Pluripotent Stem Cells in Translation: A Food and Drug Administration-National Institutes of Health Collaboration.

Pluripotent Stem Cells in Translation: A Food and Drug Administration-National Institutes of Health Collaboration.

Stem Cells Transl Med. 2013 Jun 11;
Kleitman N, Rao MS, Owens DF

Recently, the U.S. Food and Drug Administration (FDA), the U.S. National Institutes of Health, and the stem cell research community have collaborated on a series of workshops that address moving pluripotent stem cell therapies into the clinic. The first two workshops in the series focused on preclinical science, and a third, future workshop will focus on clinical trials. This summary addresses major points from both of the recent preclinically focused meetings. When entering into a therapeutics developmental program based on pluripotent cells, investigators must make decisions at the very early stages that will have major ramifications during later phases of development. Presentations and discussions from both invited participants and FDA staff described the need to characterize and document the quality, variability, and suitability of the cells and commercial reagents used at every translational stage. This requires consideration of future regulatory requirements, ranging from donor eligibility of the original source material to the late-stage manufacturing protocols. Federal, industrial, and academic participants agreed that planning backward is the best way to anticipate what evidence will be needed to justify human testing of novel therapeutics and to eliminate wasted efforts. HubMed – drug


Guest Editorial: Topical drug treatment for the dental pulp: An idea whose time has come.

Quintessence Int. 2013; 44(7): 463-5
Markowitz K, Vassiliou E

HubMed – drug


Childhood and Adult Secondhand Smoke and Type 2 Diabetes in Women.

Diabetes Care. 2013 Jun 11;
Lajous M, Tondeur L, Fagherazzi G, de Lauzon-Guillain B, Boutron-Ruaualt MC, Clavel-Chapelon F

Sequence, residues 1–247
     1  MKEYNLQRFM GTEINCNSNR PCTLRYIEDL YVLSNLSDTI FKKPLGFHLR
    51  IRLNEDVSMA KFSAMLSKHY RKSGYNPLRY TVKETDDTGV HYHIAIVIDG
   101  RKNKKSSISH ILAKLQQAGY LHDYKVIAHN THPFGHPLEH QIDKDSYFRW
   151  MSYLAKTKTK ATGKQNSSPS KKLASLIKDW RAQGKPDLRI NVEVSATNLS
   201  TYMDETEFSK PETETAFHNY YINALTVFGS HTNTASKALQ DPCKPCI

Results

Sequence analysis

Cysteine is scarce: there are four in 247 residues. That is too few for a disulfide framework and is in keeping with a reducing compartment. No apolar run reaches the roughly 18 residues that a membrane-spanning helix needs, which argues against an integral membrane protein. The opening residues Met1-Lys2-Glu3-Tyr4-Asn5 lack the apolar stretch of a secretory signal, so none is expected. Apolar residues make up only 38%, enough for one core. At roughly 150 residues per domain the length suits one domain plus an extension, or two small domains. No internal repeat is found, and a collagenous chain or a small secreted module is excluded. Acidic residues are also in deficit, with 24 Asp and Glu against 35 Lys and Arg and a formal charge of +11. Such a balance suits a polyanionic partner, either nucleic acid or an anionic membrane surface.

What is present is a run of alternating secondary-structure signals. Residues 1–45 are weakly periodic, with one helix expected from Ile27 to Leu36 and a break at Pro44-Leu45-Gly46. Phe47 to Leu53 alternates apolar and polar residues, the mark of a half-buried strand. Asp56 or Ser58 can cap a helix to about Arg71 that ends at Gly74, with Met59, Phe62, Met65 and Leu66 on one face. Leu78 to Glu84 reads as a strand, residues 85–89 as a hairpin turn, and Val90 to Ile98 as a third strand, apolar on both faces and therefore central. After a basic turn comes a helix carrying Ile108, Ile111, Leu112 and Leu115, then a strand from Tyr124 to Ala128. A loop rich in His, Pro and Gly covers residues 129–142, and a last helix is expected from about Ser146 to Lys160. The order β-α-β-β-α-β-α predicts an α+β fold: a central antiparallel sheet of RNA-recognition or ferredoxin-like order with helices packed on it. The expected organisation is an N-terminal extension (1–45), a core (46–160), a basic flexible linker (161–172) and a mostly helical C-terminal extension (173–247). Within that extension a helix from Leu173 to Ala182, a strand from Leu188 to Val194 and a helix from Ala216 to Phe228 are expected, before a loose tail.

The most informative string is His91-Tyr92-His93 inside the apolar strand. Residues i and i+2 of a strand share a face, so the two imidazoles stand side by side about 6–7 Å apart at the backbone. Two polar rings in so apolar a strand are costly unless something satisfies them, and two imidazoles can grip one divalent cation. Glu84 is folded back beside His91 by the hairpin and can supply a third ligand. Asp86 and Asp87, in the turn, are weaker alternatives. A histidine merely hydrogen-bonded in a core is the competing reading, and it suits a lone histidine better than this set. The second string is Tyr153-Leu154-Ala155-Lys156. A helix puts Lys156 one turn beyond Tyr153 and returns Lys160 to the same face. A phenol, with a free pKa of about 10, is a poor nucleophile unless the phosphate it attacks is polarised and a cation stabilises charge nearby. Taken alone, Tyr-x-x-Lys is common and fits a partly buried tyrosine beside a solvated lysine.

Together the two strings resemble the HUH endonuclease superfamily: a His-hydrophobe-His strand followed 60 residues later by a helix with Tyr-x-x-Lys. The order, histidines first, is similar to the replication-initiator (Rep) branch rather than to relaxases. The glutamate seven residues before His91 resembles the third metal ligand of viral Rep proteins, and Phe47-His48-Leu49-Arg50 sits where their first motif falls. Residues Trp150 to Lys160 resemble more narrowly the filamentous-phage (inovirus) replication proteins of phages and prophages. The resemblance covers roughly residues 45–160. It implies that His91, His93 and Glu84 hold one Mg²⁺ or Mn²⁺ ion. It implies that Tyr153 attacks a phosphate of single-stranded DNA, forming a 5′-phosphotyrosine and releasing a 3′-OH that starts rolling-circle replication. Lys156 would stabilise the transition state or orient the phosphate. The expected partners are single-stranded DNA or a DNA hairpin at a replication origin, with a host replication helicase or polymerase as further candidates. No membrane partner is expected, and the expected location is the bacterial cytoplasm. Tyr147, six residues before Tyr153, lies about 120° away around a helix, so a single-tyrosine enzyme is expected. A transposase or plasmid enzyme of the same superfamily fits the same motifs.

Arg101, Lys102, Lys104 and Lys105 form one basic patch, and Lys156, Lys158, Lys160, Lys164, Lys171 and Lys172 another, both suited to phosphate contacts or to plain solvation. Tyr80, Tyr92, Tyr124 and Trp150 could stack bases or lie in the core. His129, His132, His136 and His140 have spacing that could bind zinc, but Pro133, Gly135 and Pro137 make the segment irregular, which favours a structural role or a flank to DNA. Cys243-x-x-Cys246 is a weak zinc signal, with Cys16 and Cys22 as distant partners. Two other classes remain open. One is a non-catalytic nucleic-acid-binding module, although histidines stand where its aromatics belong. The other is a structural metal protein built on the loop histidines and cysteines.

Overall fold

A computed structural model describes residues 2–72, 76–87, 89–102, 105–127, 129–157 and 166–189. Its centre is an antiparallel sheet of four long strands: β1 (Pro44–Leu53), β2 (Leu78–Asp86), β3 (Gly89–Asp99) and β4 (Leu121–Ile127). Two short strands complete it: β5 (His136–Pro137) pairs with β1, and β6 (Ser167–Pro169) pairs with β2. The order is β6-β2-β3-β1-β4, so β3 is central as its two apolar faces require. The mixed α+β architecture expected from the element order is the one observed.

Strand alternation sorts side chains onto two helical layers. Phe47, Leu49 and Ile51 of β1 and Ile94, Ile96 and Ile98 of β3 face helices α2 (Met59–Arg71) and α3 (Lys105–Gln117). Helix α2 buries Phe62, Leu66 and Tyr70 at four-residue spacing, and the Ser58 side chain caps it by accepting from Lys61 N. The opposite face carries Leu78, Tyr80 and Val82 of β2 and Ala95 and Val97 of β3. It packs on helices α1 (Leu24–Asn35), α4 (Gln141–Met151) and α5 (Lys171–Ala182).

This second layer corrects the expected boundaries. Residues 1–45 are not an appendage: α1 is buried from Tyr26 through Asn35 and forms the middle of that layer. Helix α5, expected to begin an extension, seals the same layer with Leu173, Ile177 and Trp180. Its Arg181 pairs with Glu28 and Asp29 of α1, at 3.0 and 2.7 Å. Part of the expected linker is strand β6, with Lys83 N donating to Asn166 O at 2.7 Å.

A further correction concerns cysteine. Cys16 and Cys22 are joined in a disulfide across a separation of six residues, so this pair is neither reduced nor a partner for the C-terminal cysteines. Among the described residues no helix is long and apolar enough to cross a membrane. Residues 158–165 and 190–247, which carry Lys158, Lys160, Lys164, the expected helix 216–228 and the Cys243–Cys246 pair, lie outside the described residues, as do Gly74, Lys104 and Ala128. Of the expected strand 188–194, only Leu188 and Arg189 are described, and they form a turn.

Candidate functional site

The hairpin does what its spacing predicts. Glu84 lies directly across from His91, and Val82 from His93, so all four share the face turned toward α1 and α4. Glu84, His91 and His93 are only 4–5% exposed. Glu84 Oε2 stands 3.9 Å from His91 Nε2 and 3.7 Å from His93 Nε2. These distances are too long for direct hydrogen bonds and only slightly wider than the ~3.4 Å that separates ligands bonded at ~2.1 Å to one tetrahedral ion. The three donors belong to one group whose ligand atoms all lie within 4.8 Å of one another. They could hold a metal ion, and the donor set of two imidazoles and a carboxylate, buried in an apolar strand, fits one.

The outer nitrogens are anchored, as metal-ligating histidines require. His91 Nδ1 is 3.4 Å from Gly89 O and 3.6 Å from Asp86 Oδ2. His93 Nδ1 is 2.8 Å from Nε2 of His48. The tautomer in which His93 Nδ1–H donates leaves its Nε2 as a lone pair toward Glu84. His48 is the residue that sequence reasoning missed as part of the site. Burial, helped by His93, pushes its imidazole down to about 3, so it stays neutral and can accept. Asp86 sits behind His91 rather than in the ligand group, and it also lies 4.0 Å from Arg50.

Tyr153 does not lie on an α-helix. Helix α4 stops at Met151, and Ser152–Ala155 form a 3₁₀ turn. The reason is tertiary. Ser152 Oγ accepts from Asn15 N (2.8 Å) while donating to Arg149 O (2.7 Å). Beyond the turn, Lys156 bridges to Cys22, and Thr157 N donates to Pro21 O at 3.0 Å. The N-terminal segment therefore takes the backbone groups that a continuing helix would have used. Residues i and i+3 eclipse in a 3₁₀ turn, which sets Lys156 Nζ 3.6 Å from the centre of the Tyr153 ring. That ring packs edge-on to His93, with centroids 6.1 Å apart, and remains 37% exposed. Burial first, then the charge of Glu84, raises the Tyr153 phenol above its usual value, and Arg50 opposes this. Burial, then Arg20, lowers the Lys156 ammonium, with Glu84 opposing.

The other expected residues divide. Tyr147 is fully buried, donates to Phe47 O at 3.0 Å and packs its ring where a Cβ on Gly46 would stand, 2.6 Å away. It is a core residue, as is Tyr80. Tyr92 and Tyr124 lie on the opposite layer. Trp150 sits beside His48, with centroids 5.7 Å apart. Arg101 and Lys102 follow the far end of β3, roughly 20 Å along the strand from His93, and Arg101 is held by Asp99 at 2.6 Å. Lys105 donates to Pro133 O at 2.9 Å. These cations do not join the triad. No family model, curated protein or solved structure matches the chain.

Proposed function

OBJECTIVEThe objective of this study was to evaluate the relationship between childhood and adult secondhand smoke and type 2 diabetes.RESEARCH DESIGN AND METHODSWe conducted a prospective cohort study among 37,343 French women from the E3N-EPIC (Etude Epidémiologique auprès des femmes de la Mutuelle Générale de l’Education Nationale-European Prospective Investigation into Cancer and Nutrition) who never smoked and who were free of type 2 diabetes, cancer, or cardiovascular disease at baseline in 1992. Self-reported childhood secondhand smoke exposure was defined as having at least one parent who smoked. Adult secondhand smoke was defined as the sum of self-reported hours recorded at baseline of exposure to tobacco smoke from a spouse who smoked (or domestic close contact) and from outside the home.RESULTSBetween 1992 and 2007, 795 cases of incident type 2 diabetes were identified and validated through a drug reimbursement dataset and a specific questionnaire. Women with at least one parent who smoked appeared to have an 18% higher rate of type 2 diabetes than women with parents who did not smoke (age-adjusted hazard ratio 1.18 [95% CI 1.02-1.36]). Adult secondhand smoke exposure (no exposure versus ?4 h/day) was associated with an increased rate of type 2 diabetes (1.36 [1.05-1.77], P = 0.002 for trend) after adjusting for parental history of diabetes, education, body silhouette at age 8, childhood secondhand smoke exposure, physical activity, body mass index, hypertension, hypercholesterolemia, menopausal status and hormone use, alcohol intake, and processed red meat and coffee consumption.CONCLUSIONSThis prospective analysis suggests that secondhand smoke exposure in childhood and adulthood are associated with a higher rate of type 2 diabetes. HubMed – drug



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